Skip to main content

Book Review: The Girl with the Dragon Tattoo by Stieg Larsson

The Girl with the Dragon Tattoo is the first book of a trilogy written by Stieg Larsson shortly before his death. It is the story of Mikael Blomkvist, a financial journalist who is trying to overcome a scandal, and Lisbeth Salandar, a tattooed young woman who has the uncanny ability to dig up every little detail about whoever her subject may be. Blomkvist finds someone who says he can help clear his name, but first he must spend a year researching the disappearance of the man's great-niece many years ago.

This book is filled with many different characters and so many storylines I have a hard time remembering them all a few months after reading it. But the characters are unique and interesting. The story is intriguing and made me want to turn the pages to find out what happened next. I will admit that I was not crazy about the last few chapters of the book. I didn't like the direction it went in - and I'll leave it at that to avoid giving too much away. But I liked the characters and the style of writing enough that I'm reading the next book in this series now, The Girl Who Played with Fire.

Larsson writes with great detail, so this is not a quick read by any means. It didn't take long to read, but it does require a lot of concentration. There are a lot of things going on at once, and there are a few different mysteries to follow and try to solve. So the reader is forced to pay attention and not skim over all the details. I enjoyed this style of writing, but can't do it all the time!

In general, I'd recommend this to many of my friends. But for those who prefer easy, quick reads, and those who avoid violence - particularly sexual violence - you may want to steer clear of this one.

My Rating: 4/5

Reading group guide and discussion questions for The Girl with the Dragon Tattoo

Read my reviews of the other books in this series:
The Girl Who Played with Fire
The Girl Who Kicked the Hornet's Nest

This review was written based on a copy of The Girl with the Dragon Tattoo that I borrowed from a friend.


  1. I have seen this book talked about elsewhere. I became intrigued but then forgot about the book.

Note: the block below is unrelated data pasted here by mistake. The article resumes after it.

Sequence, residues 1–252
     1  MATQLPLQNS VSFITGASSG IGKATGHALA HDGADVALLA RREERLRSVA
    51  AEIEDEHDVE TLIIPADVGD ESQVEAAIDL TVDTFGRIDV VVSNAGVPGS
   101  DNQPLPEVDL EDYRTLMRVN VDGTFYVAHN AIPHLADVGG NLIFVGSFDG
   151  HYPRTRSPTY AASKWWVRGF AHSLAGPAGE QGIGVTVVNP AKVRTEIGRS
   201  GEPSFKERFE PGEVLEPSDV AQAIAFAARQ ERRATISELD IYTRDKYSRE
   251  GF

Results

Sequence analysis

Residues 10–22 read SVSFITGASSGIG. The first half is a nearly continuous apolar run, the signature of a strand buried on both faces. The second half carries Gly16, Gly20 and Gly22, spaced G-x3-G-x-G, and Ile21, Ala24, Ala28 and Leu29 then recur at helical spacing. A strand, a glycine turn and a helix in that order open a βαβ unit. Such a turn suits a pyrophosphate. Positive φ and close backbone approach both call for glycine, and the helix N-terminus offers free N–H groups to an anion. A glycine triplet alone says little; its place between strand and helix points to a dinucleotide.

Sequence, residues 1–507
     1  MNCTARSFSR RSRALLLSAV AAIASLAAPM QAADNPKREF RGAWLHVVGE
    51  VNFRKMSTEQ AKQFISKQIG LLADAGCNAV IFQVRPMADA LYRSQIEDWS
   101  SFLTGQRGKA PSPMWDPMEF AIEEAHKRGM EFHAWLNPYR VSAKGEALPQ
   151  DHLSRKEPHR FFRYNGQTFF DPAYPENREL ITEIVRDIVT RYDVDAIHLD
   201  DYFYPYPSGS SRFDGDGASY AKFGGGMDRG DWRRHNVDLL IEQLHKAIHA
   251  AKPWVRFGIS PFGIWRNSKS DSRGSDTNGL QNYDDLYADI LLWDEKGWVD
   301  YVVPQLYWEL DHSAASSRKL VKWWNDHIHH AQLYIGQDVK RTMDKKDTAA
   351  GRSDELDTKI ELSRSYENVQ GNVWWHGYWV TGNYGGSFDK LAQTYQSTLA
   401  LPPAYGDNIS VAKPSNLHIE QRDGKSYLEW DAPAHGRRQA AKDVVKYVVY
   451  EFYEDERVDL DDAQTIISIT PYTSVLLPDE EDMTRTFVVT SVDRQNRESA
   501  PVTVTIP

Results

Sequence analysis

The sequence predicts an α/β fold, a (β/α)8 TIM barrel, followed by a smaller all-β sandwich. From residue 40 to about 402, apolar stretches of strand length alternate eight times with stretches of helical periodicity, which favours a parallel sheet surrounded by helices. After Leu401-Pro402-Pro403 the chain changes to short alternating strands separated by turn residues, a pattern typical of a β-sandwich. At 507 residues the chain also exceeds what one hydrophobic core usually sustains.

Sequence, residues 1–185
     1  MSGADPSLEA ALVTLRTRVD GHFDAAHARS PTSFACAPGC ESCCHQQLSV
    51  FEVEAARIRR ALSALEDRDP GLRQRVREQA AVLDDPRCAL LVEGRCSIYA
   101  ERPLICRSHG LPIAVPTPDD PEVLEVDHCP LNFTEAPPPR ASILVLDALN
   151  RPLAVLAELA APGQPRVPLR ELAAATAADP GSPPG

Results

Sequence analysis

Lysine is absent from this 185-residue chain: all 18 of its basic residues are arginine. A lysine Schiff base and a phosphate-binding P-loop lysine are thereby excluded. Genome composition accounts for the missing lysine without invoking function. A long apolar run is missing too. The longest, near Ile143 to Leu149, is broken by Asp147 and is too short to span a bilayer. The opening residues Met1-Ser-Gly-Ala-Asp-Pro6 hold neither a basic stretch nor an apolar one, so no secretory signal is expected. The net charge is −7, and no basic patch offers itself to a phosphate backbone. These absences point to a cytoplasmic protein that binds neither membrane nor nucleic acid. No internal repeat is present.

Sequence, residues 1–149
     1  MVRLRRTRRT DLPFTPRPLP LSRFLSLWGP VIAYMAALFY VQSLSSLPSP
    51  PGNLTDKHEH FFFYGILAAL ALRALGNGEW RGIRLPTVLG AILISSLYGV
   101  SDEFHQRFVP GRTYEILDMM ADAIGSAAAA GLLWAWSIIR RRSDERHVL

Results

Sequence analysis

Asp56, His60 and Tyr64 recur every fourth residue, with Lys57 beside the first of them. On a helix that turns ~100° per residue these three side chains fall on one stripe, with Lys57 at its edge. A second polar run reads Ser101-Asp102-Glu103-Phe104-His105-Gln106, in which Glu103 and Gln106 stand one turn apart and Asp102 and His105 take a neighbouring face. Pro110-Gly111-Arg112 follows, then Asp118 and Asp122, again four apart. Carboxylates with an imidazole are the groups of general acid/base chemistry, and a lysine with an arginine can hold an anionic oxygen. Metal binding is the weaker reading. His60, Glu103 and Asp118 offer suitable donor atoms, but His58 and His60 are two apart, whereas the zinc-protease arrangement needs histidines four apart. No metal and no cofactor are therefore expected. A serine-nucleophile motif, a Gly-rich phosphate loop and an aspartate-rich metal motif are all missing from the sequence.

Thanks to review, my memory has been refreshed. I am also glad that you pointed out...that the book is not a quick read. That is good info. to know.


Post a Comment

Thanks for stopping by! I'd love to hear your thoughts!

Popular posts from this blog

Banned Books Week: Junie B. Jones by Barbara Park

This is the end of Banned Books Week and unfortunately, I haven't had a lot of time to write about banned books this year. But I did want to include at least one post about it, so today I wanted to share one of the book series that it seems most people are surprised to find on the list: Junie B. Jones by Barbara Park.

According to Wikipedia:
The Junie B. Jones series came in at #71 on the American Library Association's list of the Top 100 Banned or Challenged Books from 2000-2009. Reasons cited are poor social values taught by the books and Junie B. Jones not being considered a good role model due to her mouthiness and bad spelling/grammar. This is an interesting example of a banned book. Many times there are serious, controversial topics featured in books that are challenged. Things like homosexuality, drugs, vulgar language, etc. You can actually understand why people may not want their children to read those books, and why they may challenge their inclusion in school libra…

Book Review: I See You by Clare Mackintosh

Title: I See You
Author: Clare Mackintosh
Genre: thriller
Published: February 21, 2017
Format: ebook (NetGalley)
Source: publisher
Buy on Amazon(affiliate link)

Have you ever felt like someone was watching you? You will after reading Clare Mackintosh's latest release I See You. Told from the perspectives of two women, one who appears to be targeted by a criminal and the other who is the police officer working the case, this psychological thriller will have you looking over your own shoulder by the end.

Zoe is a typical working mother who takes the Underground through London to her office every day. Like most commuters, she has a routine that she follows every day, leaving home at the same time, sitting in the same train car, taking the same route to work from the station. It's habit. But she starts to realize this may not be a good idea after seeing her own photo in an advertisement in the newspaper. Another woman who appears in the advertisement is murdered and Zoe starts to ge…

Book Review: The Darkest Corners by Kara Thomas

Title: The Darkest Corners
Author: Kara Thomas
Genre: Young Adult Mystery
Published: May 9, 2017
Format: Paperback
Source: Random House Children's Books
Buy on Amazon (affiliate link)

Tessa Lowell left Fayette, Pennsylvania, when she was just 9 years old, moving to Florida with her grandmother. Now she's a recent high school graduate and heading back to town to say goodbye to her dying father. With no family in town anymore, Tessa stays with the family of her former friend Callie, which is pretty awkward since she and Callie haven't spoken since they were little. Being with Callie also brings up questions that Tessa has held onto for the years since she's been gone. Questions about the testimony the young girls gave that sent a man to death row. 

I don't read many young adult novels, but The Darkest Corners by Kara Thomas was touted as "the next twisted psychological thriller," so I decided to give it a try... and I'm glad I did. While the story moves r…